Chaka Fattah (né Arthur Davenport), the Democratic congressman who represents part of Philadelphia and its environs, has never been challenged in a primary election. Since he joined the House in 1995, he has never garnered less than 86 percent of the vote in his impregnable district.
Fattah’s modus operandi on the job has been to spread around as much money as possible. Quite a bit of it has gone to education (and, The Scrapbook expects, ultimately to teachers’ unions), particularly through Philadelphia’s CORE program ($27 million) and the federal GEAR UP program ($4.5 billion). Other pet projects of his include: NOAA’s educational program ($32 million), federal funding for the Boys & Girls Clubs of America and Big Brothers Big Sisters ($78 million), the Manufacturing Extension Program ($128 million), and various STEM-related programs ($266 million), among others.
All that money can make some very powerful friends, willing to do favors in return. Last year, the Philadelphia Daily News found that “between 2001 and 2012, nonprofits founded or supported by the Philadelphia congressman have paid out at least $5.8 million to his associates, including political operatives, ex-staffers and their relatives.”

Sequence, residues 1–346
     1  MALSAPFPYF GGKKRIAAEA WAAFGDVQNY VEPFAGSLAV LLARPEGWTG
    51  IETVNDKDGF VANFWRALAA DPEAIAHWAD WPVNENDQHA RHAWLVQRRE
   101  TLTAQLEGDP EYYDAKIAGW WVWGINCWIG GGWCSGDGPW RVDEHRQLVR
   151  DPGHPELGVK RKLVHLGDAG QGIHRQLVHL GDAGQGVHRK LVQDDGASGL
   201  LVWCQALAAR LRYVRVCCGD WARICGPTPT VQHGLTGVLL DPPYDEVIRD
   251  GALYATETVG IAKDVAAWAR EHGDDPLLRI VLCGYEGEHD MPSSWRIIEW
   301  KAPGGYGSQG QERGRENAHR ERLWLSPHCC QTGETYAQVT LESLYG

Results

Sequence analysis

Fattah has had access to such sums through his plum committee assignments. As ranking member of the House Appropriations subcommittee on commerce, justice, science, and related agencies, Fattah has considerable influence over what money goes where.
Ironically, some of the money he helped allocate went to the Justice Department, which was disinclined, apparently, to return the favor, indicting him on 29 counts of racketeering, bribery, mail fraud, and other crimes last week.
If something was amiss, as federal prosecutors allege, it probably shouldn’t have taken this long to figure out, considering that the (alleged) crimes date back to 2007. Still, The Scrapbook is hopeful the high-profile indictment of a notably free spender might, just might, make it marginally easier to trim federal spending.